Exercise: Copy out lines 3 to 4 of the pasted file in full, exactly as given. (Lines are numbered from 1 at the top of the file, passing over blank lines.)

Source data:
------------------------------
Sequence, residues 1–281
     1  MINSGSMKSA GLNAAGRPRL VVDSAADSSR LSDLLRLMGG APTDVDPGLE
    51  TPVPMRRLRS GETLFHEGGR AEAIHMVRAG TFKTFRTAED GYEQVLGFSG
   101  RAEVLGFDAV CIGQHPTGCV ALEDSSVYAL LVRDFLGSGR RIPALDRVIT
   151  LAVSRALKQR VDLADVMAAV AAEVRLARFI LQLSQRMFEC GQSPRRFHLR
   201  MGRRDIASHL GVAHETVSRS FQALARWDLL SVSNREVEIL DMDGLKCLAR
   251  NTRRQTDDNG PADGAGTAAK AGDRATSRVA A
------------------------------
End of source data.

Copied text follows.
    51  TPVPMRRLRS GETLFHEGGR AEAIHMVRAG TFKTFRTAED GYEQVLGFSG
   101  RAEVLGFDAV CIGQHPTGCV ALEDSSVYAL LVRDFLGSGR RIPALDRVIT